I’m shamelessly cribbing this post by Chris Douglas from bilerico.com, because it’s so true and bears repeating in as many places as possible — so hopefully people like RiShawn Biddle with see it.
As long as we’re contemplating the advice from the straight community about the strategy employed by various sectors of the gay community, I’ll add my own beef.
Ever since this assault on the Constitution was launched, I’ve spent time talking quietly with lobbyists, business people, public relations folks, politicians and political donors who, upon coming to understand the damage this amendment does to decent gay and lesbian citizens, begin to tell me what the gay community needs to do, describing a massive and obvious task of education.
The glbt community ranges from 5-10% of Indiana’s population, or 1 in every 20 to 1 in every 10. When it’s all said and done, we’re still a minority, one that like other minorities in the past (black, Jewish, Asian…) has been victim to every form of stereotype, mischaracterization, denigration, or dire warning. A minority. We can do only so much alone. If members of the straight majority do not take personal responsibility to assist in this task of education, we’re sunk.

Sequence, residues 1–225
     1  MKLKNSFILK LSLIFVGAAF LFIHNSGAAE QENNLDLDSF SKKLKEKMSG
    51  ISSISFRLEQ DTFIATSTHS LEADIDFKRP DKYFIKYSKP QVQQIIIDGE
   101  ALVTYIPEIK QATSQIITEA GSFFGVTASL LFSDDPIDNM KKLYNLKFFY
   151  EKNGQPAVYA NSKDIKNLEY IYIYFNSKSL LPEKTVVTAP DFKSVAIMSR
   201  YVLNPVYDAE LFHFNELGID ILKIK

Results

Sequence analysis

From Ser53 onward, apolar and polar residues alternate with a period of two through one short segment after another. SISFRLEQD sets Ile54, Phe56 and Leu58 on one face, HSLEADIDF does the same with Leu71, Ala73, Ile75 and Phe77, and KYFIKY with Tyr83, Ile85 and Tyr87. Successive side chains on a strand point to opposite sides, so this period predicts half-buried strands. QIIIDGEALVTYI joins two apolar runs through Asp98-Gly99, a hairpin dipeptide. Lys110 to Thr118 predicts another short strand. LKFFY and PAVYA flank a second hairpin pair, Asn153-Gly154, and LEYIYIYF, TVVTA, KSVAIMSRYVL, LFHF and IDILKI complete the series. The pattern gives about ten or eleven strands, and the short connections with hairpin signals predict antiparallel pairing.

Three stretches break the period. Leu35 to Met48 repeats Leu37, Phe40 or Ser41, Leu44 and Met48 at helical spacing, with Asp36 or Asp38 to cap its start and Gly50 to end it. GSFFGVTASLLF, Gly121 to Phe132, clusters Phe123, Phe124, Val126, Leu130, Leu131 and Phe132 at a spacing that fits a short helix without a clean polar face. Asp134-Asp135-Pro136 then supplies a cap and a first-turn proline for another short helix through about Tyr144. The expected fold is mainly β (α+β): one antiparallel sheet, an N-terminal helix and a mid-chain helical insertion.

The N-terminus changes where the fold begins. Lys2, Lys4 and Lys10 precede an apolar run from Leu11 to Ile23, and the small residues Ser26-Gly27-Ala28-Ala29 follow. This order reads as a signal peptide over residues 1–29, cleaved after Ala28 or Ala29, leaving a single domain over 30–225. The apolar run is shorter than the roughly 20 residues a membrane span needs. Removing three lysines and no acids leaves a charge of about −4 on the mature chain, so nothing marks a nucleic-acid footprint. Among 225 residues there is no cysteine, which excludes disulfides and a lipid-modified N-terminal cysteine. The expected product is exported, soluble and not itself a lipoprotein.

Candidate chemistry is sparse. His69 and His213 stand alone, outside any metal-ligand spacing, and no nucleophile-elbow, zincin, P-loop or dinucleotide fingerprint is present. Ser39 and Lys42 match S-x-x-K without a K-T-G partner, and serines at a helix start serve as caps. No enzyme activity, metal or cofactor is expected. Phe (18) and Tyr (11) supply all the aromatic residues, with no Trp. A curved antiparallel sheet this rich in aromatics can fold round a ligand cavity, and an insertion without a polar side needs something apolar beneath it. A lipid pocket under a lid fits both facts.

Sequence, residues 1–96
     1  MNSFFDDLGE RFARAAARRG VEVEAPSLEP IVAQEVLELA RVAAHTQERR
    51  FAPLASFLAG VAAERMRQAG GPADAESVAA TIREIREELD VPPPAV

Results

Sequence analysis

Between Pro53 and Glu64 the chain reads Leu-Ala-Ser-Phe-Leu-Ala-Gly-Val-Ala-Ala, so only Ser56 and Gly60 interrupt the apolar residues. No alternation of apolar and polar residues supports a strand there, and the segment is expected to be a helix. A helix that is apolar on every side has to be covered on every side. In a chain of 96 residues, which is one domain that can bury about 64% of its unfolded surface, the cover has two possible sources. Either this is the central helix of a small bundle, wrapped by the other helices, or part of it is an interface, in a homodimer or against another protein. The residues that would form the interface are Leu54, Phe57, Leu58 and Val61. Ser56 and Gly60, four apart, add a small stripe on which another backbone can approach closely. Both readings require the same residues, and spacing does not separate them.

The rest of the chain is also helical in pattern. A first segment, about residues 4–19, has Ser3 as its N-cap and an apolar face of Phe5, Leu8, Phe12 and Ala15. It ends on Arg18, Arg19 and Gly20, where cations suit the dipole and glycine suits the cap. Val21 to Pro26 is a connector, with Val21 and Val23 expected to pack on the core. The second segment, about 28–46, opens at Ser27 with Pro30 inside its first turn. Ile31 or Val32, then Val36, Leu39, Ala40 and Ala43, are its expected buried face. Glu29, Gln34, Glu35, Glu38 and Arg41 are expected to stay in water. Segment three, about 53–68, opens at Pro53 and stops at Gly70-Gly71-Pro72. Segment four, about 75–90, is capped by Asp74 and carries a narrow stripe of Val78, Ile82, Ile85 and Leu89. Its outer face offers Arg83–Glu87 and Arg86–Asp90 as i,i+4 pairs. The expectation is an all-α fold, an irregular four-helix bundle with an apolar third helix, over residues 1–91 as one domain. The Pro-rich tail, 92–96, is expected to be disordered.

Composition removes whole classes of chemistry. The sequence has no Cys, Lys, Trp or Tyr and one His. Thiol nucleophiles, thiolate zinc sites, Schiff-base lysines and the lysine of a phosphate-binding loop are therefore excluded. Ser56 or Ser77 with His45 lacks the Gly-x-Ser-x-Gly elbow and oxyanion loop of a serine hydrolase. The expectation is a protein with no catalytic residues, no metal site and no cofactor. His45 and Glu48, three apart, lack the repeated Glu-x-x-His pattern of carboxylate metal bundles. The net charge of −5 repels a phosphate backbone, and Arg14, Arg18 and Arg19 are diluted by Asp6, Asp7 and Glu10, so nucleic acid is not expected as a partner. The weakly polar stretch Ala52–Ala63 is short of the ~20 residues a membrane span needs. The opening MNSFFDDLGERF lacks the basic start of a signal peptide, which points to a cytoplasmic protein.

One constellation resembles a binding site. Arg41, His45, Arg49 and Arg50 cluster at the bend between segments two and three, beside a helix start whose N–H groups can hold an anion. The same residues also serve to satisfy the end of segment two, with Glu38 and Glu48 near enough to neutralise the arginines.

I was once witness to an outrageous racist incident in the Air Force. I didn’t say to the female black officer colleague of mine, who had been viciously harassed, “Here’s what you need to do; I’ll watch.” Instead, I said “I will do whatever you want me to do in your support.” And I chewed out my commanding officers, American to American, rank be damned. I was angered by a clear miscarriage of justice… one that had nothing to do with me…. but one that required my acquiescence as an observer. Nothing doing. The cadet codes include the words: “We will not lie, cheat, or steal, or tolerate those who do.” Standing up to such actions was and remains a matter of honor in itself.
Those who are not in our minority, but who disagree with this assault have an obligation not merely to disagree, but to speak up… not merely to advise, but to assist. We cannot preserve our constitutional standing as free citizens all by ourselves. We need you to speak up, too. Not only as a matter of the defense of the Constitution and American freedom, for which we are all asking young men and women abroad to die, but as a matter of American honor, you must speak up, whatever the discomfort you may feel.